While I never wore a ridiculous drugstore-purchased Superman costume to the office, I did wear one to a swanky Halloween party at the home of a famous female pop star. Problem was: I arrived at the party two hours early. It was just me—in a stupid costume—and the pop star—in jeans and a t-shirt. Oh yeah, and she didn’t exactly know me either. I was a friend of a friend. So there I was, some random ex-lawyer-turned-writer in the lamest costume ever, ringing the pop star’s doorbell. I was already nervous. Being an outsider. Not famous. Not terribly successful. I was sort of the token regular Joe at a fabulous LA costume party that I was told started at seven. And like the naïve outsider I was, I thought seven meant seven.
When Pop Star opened the door, she just looked at me quizzically. No smile. No recognition. No Halloween festiveness. Just a weak, slightly annoyed smile. Then finally, she uttered the following six words—six words I’ll never forget—“The party doesn’t start until nine.” Silly me, I actually thought that seven meant seven. Plus, it was a Sunday night. A school night. Who kicks off a party on a Sunday at nine? (Answer: Pop stars.)
To be fair, she did invite me inside. Pop Star and her two assistants—also both dressed causally in jeans—talked to me for about two minutes then ushered me into the den, where I sat by myself, in a Superman costume, for about two hours. But it only got worse…
When the other guests finally arrived, it was clear that I was pretty much the only loser who took the costume thing literally. About 70% of the people didn’t dress up. The other 30% wore “cool” costumes. You know, the kind that actually make you look better or hipper than you usually do. Not the kind that you buy at CVS—and make you look like a pedophile.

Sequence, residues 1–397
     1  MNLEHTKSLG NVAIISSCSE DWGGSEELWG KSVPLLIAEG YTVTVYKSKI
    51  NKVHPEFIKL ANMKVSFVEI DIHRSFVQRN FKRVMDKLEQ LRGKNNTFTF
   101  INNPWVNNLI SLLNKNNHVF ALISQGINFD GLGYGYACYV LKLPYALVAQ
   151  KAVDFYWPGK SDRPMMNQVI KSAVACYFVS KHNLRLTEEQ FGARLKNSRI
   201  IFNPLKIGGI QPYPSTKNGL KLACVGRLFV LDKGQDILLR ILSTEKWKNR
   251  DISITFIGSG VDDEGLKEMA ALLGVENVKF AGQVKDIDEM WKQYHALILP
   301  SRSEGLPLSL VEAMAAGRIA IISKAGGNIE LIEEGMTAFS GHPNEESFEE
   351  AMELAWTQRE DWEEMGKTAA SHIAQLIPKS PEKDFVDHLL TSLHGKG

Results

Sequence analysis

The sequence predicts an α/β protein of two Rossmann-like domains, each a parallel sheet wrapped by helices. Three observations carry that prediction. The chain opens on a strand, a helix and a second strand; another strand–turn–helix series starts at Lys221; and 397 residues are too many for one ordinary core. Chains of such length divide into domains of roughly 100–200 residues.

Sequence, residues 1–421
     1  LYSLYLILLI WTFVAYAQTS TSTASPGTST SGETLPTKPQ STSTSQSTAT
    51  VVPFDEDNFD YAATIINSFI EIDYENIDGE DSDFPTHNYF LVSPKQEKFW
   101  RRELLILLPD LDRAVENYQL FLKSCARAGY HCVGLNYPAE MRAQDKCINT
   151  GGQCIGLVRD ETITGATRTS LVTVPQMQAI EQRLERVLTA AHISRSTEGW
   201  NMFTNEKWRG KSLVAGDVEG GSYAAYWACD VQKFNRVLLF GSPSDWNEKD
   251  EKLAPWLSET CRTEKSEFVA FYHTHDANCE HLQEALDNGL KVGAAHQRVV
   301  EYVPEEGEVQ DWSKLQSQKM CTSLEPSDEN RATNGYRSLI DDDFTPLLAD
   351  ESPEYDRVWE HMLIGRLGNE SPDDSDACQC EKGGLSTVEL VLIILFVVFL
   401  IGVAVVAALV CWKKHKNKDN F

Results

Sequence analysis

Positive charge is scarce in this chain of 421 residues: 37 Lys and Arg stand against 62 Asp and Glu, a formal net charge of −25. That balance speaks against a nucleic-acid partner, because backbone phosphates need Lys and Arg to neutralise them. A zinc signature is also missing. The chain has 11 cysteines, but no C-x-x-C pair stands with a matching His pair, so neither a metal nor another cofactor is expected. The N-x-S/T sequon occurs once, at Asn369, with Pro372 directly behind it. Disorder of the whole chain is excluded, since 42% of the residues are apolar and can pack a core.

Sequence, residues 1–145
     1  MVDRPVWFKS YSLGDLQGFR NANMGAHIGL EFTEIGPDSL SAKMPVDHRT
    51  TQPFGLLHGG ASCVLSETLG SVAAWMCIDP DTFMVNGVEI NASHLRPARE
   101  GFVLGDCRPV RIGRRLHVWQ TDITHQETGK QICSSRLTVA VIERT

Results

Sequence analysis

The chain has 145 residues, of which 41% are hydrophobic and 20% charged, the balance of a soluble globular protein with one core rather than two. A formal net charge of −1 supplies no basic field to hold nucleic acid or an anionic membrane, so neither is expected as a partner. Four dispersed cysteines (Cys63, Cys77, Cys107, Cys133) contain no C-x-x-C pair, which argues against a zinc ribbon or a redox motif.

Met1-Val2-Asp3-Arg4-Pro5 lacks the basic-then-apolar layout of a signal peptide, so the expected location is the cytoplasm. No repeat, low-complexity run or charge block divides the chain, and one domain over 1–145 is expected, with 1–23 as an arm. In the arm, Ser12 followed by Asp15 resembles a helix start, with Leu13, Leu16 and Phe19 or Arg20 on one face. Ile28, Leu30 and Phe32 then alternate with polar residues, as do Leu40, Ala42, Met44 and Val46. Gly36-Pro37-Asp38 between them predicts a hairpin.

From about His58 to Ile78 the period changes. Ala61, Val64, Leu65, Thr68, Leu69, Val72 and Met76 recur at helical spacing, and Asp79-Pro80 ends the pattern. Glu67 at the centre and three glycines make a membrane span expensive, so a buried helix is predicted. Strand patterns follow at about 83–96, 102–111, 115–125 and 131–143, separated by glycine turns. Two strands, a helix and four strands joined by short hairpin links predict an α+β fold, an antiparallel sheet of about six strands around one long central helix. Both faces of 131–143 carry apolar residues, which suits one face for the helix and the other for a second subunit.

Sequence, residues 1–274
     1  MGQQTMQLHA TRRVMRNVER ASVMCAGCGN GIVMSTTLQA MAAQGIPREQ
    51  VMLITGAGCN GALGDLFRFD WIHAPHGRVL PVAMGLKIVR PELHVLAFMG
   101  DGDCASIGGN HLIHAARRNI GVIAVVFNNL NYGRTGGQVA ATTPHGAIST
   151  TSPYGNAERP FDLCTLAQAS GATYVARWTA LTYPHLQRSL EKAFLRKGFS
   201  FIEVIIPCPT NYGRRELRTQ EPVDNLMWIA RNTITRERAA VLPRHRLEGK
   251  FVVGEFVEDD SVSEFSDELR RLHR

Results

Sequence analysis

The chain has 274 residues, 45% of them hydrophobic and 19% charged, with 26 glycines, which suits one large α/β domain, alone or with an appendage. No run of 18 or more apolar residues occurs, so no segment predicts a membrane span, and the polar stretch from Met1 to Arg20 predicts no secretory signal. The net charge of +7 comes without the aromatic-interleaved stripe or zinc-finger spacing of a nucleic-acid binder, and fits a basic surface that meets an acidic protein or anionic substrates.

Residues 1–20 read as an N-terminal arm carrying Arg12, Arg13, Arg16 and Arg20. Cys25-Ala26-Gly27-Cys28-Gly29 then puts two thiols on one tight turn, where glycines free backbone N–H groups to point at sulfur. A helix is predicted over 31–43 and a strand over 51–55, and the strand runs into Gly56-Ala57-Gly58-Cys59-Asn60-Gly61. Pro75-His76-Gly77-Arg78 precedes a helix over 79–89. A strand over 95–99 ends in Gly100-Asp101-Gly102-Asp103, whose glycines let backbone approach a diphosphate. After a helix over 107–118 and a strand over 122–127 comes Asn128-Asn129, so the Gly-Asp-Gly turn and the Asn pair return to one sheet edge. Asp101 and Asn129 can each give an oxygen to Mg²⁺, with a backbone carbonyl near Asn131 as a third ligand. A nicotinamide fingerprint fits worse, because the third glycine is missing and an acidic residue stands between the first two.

As for Living the Dream, in my quest to highlight the 24-7 randomness of Big Firm life, I thought it would be funny to see Nick’s nemesis boss, Phillip Atkins, call him back to the office on Halloween night while he was at a costume party, trying to have a good time. Costumes are embarrassing enough when you’re at a goddamn costume party, let alone an uptight, humorless law firm (which is why, I guess, I thought it would be funny.) To me, Atkins’ lack of reaction to the costume is the best part of the episode. He’s just another stupid associate in a stupid outfit getting called back from a Halloween party.
Anyway, the bottom line is: If you’re ever invited to a costume party, don’t go. And if you do, go two hours late—and don’t buy your costume at a drug store.
For the deal geeks out there:
If you were paying attention to the actual episode, you’ll notice that the Partner (Edward Kerr) tells Nick (John T. Woods) that the buyer wants to bump the purchase by $40 a share. Obviously, that’s a pretty big increase. Like crazy huge. So why does he say it? Because the actor made a mistake on that particular take. He was supposed to say $4 a share, but he said 40. And since it was his best take, we decided (after considerable and vigorous debate) that we’d go with the best acting performance, regardless of the $36 increase.
Or, if you’d prefer, we can assume that the seller’s stock is trading at $400 a share, so the $40 bump is only a ten-percent increase. Not earth-shattering news here, no doubt, but I wanted to make damn sure I preempted the M&A geeks and the mistake-hunters from ranting about the seemingly ludicrous $40 increase. Just so you know, I fought to use a lesser take where the actor said $4, instead of $40, to endure the transactional veracity. Until the editor told me I was insane, and the producer suggested I was ridiculous. Just another example of legal PTSD. Once a law geek always a law geek.